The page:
As the pandemic spread, the beauty industry grew and evolved, and we now see new trends every day, such as vloggers’ or famous artists’ skin routines. People are readily influenced by social media, as we all know, and the beauty industry recognized this. They had social media influencers who teach people about the basics of the skin and how to take care of it. It became trendy, and sales of skincare products increased. As the pandemic spread, most individuals learned to accept their imperfections and attempted to fix them by using skincare products.
As you read this blog, you’ll learn about the women who launched their skincare businesses amid a pandemic, and you’ll be encouraged and inspired to start your own.
Here are the entrepreneurs:
A 28-year-old woman who worked as an associate director of creative and marketing at Direct Agents, a digital marketing agency, until leaving in July 2020 to start her own business. She achieved a long-held dream of becoming an entrepreneur during the pandemic. Fantle was inspired to do the same with DTC’s skincare company, Maes Face, after hearing about other entrepreneurs who work with brand founders. She invested her money and funds from friends and family in the brand’s development. According to Fantle, “No matter when you start a business, there’s a type of risk associated with it. In my case, it was during a pandemic … people thought I was crazy.” She simply stated that any business you start will have difficulties, and how you handle them is entirely up to you.Mae now employs four people and sells four different vegan masks. Her idea was to start with low-cost or small-scale products, but she hopes to expand into a larger wellness beauty brand in the coming years and develop additional products.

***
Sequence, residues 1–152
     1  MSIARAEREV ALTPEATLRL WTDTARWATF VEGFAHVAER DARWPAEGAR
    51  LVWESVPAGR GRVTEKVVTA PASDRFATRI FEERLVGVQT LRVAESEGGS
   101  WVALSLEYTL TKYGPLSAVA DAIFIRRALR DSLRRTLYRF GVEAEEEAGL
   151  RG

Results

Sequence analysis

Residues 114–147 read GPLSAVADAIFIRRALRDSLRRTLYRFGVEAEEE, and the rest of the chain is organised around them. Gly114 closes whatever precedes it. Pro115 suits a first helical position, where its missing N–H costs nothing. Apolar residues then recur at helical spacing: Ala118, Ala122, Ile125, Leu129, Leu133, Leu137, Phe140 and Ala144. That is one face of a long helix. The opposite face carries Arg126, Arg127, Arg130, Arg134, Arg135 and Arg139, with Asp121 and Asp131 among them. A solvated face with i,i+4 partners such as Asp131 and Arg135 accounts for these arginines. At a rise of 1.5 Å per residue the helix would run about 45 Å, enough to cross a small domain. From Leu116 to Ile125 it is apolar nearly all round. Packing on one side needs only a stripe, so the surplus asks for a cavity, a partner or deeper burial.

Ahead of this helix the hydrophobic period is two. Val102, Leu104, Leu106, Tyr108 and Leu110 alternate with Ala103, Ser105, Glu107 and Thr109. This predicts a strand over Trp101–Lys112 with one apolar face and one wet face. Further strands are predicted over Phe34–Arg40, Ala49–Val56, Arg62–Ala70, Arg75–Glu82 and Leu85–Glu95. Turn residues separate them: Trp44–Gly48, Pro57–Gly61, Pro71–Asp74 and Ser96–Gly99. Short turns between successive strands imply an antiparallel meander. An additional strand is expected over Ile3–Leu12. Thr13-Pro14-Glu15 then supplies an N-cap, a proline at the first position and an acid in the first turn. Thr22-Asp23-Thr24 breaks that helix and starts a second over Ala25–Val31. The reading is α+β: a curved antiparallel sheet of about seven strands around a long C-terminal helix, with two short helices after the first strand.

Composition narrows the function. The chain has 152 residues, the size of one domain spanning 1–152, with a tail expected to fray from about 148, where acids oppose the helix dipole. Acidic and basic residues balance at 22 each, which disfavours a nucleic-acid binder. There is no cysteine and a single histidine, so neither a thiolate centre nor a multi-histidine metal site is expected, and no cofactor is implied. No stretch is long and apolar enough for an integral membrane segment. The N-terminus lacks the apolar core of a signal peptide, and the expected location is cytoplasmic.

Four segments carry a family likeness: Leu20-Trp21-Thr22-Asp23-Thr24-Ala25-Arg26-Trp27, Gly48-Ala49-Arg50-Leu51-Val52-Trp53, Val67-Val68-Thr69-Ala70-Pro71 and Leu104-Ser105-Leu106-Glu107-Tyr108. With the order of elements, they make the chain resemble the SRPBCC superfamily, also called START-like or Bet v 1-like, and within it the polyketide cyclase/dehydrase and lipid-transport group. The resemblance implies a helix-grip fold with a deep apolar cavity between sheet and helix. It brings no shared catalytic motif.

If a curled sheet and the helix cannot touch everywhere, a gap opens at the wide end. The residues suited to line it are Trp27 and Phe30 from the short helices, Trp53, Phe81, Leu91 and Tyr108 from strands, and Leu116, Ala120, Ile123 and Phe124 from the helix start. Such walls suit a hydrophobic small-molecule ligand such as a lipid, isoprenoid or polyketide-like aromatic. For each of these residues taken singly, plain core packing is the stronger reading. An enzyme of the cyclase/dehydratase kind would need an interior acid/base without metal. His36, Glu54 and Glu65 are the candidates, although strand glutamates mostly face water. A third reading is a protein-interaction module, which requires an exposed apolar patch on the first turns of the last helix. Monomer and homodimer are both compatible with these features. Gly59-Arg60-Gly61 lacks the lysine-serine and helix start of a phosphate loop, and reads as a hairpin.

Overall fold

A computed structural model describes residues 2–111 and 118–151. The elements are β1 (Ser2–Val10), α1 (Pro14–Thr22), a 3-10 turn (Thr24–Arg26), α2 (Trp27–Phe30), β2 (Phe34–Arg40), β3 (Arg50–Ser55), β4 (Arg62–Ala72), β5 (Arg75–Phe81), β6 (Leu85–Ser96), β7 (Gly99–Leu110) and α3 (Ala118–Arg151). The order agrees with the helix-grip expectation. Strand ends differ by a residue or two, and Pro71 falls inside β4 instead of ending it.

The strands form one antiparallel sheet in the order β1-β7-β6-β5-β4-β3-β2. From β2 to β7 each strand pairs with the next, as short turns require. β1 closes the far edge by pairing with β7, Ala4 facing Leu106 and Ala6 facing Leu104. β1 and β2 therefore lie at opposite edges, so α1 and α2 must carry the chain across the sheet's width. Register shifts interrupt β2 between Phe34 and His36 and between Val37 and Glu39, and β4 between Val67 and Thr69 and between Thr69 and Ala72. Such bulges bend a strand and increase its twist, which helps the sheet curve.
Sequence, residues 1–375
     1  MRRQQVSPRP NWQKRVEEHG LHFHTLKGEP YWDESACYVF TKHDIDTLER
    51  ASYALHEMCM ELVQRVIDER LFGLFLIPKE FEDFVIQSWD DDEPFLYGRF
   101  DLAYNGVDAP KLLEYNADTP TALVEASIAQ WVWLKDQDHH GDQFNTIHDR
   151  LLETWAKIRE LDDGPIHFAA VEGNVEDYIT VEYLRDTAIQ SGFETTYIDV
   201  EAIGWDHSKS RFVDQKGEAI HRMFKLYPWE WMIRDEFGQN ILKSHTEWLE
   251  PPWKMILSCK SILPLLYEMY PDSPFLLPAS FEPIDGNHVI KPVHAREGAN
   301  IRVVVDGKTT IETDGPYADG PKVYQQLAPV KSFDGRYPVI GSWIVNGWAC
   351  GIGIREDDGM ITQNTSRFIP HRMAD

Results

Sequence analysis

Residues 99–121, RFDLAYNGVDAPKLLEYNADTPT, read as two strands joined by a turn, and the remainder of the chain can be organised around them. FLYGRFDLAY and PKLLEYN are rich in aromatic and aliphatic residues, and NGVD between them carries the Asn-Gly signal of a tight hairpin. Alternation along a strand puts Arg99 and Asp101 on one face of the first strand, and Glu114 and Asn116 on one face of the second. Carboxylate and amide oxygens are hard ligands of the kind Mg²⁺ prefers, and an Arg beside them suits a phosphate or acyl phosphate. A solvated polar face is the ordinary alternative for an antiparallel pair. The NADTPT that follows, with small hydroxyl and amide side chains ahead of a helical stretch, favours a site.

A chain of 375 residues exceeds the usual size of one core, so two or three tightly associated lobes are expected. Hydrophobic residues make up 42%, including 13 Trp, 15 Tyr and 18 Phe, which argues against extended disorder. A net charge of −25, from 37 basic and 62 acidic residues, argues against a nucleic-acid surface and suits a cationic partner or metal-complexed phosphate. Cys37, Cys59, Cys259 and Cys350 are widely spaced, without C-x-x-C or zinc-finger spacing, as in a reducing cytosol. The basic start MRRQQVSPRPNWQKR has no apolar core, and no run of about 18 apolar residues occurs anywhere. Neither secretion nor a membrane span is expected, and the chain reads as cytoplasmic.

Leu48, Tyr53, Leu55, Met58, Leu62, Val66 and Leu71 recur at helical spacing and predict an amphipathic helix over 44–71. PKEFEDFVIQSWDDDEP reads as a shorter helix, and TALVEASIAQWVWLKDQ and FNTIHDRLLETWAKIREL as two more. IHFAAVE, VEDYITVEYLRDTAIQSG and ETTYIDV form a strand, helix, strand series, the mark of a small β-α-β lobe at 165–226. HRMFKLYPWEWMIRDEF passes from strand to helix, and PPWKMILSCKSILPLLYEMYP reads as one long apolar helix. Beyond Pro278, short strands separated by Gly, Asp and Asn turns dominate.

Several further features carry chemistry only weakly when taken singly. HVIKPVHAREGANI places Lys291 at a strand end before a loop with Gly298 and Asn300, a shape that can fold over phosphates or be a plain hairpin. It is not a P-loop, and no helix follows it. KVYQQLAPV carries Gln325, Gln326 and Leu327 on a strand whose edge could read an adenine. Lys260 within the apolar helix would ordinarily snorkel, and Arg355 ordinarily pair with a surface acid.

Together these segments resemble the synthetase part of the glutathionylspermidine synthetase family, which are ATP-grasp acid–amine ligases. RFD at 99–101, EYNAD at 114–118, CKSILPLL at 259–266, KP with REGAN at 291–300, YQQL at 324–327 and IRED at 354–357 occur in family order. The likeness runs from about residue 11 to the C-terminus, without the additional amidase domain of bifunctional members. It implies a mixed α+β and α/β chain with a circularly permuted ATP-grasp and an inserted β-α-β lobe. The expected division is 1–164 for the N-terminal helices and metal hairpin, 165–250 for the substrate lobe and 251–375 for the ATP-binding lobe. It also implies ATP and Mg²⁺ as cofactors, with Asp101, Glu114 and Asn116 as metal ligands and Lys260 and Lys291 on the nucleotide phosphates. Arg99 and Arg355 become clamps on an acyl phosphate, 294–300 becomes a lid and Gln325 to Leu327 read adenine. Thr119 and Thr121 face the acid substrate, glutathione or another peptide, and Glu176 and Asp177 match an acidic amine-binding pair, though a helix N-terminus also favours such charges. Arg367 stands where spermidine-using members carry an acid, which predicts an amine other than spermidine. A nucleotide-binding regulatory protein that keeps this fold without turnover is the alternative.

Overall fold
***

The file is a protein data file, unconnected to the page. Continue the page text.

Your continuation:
She is the founder of the skincare brand SKÖG which means forest in Swedish. Gautami earned a bachelor’s degree in fashion management from the Istituto Marangoni in Paris and a Masters in Strategic Entrepreneurship and Innovation from King’s College London. She began her entrepreneurial experience in Sweden, where she manufactured her products in her kitchen and grew her business with the help of her friends and family’s feedback, which led to the expansion of her natural, vegan, PETA-certified luxury skincare brand SKÖG. She was, however, stranded in India with her family. She only intended to pay them a visit, but due to the pandemic and the lockdown, she chose to move the manufacturing to India because she couldn’t stop her business. She registered her business in the country and considering that the ingredients like Birch, Elderflower, and Petitgrain made her brand unique, she shipped it from Sweden to India.